Graphic of brain
Photo credit: flickr Saad Faruque

Twentieth-century neuroscience has discovered something quite astonishing: namely that your brain can change itself well into adulthood. While in the early 1900s it was assumed that the brain stopped changing in adolescence, we now know that the brain responds to change throughout life.


To appreciate exactly how your brain changes, think of this analogy: visualize your typical daily route to work. Now picture that the route is blocked and how you would respond. You wouldn’t simply give up, turn around, and return home; instead, you’d look for an different route. If that route happened to be even more efficient, or if the original route remained restricted, the new route would emerge as the new routine.

Comparable processes are occurring in your brain when a “normal” function is obstructed. The brain reroutes its processing along new pathways, and this re-routing process is described as neuroplasticity.

Neuroplasticity is useful for mastering new languages, new abilities like juggling, or new healthier habits. Gradually, the physical changes to the brain correspond to the new habits and once-difficult tasks become automatic.

But while neuroplasticity can be beneficial, there’s another side that can be detrimental. While learning new skills and healthy habits can make a favorable impact on our lives, learning bad habits can have the exact opposite effect.

Neuroplasticity and Loss of Hearing

Hearing loss is one example of how neuroplasticity can backfire. As discussed in The Hearing Review, researchers from the University of Colorado discovered that the part of the brain devoted to hearing can become reorganized and reassigned to different functions, even with beginning-stage hearing loss. This is thought to clarify the link between hearing loss and cognitive decline.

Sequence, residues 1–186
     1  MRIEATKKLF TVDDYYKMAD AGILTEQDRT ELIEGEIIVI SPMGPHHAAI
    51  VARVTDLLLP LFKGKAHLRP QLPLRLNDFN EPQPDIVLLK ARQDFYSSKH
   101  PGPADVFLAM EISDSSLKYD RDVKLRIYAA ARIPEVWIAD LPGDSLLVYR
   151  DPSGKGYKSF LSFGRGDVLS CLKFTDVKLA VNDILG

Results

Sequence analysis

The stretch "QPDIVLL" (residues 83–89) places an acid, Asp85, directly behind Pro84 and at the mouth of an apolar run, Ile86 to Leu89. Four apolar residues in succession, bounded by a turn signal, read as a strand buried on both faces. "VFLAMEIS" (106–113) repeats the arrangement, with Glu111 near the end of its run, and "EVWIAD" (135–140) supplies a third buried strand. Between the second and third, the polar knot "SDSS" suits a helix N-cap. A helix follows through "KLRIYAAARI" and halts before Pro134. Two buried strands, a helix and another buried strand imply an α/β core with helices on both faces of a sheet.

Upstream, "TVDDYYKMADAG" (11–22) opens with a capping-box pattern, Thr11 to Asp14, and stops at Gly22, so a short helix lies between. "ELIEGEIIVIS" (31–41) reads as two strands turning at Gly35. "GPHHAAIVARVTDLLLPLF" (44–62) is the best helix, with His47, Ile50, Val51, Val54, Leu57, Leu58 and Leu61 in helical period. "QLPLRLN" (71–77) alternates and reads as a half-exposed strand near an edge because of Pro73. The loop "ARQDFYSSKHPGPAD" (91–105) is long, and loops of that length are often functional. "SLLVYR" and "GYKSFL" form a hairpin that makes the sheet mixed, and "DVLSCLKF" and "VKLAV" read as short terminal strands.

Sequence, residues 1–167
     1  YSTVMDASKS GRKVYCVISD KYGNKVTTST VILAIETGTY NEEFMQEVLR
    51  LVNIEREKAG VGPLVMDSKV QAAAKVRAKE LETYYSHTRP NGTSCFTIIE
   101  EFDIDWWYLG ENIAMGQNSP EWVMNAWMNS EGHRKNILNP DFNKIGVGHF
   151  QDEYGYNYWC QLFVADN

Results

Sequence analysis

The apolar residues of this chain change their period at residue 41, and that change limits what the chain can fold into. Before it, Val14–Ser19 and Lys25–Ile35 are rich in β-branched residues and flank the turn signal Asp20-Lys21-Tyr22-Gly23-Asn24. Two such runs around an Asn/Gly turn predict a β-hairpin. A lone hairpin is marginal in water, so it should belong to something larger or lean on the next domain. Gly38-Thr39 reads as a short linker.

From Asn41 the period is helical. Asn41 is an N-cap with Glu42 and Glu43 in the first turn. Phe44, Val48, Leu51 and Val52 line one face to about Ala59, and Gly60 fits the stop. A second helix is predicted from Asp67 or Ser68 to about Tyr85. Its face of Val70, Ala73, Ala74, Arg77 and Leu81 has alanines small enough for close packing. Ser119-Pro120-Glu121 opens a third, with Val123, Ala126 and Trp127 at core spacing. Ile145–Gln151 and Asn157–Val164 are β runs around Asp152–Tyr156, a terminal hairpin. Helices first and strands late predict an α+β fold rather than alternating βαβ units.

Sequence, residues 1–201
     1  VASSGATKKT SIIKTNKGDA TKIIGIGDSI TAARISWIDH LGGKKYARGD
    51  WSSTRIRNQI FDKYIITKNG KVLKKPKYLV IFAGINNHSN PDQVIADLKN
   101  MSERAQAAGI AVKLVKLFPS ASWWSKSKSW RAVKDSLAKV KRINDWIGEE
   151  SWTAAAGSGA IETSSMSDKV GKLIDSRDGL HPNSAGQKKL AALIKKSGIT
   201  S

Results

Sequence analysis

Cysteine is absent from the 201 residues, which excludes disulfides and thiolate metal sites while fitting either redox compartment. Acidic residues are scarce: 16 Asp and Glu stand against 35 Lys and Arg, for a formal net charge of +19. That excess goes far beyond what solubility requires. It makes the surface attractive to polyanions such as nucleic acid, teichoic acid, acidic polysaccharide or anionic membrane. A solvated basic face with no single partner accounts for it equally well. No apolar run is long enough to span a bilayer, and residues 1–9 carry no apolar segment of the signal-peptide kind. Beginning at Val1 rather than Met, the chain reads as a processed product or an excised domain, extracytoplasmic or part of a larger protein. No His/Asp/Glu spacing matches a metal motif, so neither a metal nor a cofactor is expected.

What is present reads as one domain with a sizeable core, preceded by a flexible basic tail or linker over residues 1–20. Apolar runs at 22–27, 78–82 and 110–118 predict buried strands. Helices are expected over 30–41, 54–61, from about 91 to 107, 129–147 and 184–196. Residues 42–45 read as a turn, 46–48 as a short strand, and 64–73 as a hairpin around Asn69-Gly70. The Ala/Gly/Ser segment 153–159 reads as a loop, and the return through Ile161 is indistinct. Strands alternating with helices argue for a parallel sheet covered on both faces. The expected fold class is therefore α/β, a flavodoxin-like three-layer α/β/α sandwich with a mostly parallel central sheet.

With hearing loss, the areas of our brain in charge of other functions, like vision or touch, can recruit the under-utilized areas of the brain in charge of hearing. Because this decreases the brain’s available resources for processing sound, it impairs our ability to comprehend language.

So, if you have hearing loss and find yourself saying “what was that?” frequently, it’s not only because of the injury to your inner ear—it’s partially brought about by the structural changes to your brain.

How Hearing Aids Can Help

Similar to most things, there is a both a negative and a positive side to our brain’s ability to change. While neuroplasticity exacerbates the impacts of hearing loss, it also enhances the performance of hearing aids. Our brain can create new connections, regenerate tissue, and reroute neural paths. That means increased stimulation from hearing aids to the portion of the brain in charge of hearing will stimulate growth and development in this area.

In fact, a newly published long-term study in the Journal of the American Geriatrics Society found that wearing hearing aids limits cognitive decline in those with hearing loss. The study, titled Self-Reported Hearing Loss: Hearing Aids and Cognitive Decline in Elderly Adults: A 25-year Study, observed 3,670 adults age 65 and older over a 25 year time period. The study found that the rate of cognitive decline was greater in those with hearing loss compared to those with normal hearing. But the participants with hearing loss who made use of hearing aids demonstrated no difference in the rate of cognitive decline compared to those with normal hearing.

The beauty of this study is that it concurs with what we already understand regarding neuroplasticity: that the brain will reorganize itself in accordance to its needs and the stimulation it obtains.

Keeping Your Brain Young

To summarize, research shows that the brain can change itself all through life, that hearing loss can speed up cognitive decline, and that utilizing hearing aids can prevent or reduce this decline.

But hearing aids can accomplish a lot more than that. As reported by brain plasticity expert Dr. Michael Merzenich, you can strengthen your brain function irrespective of age by participating in challenging new activities, staying socially active, and practicing mindfulness, among other methods.

Hearing aids can help with this too. Hearing loss has a tendency to make people withdraw socially and can have an isolating effect. But by wearing hearing aids, you can make sure that you continue being socially active and continue to activate the sound processing and language regions of your brain.

The site information is for educational and informational purposes only and does not constitute medical advice. To receive personalized advice or treatment, schedule an appointment.

Main Line Audiology Consultants, PC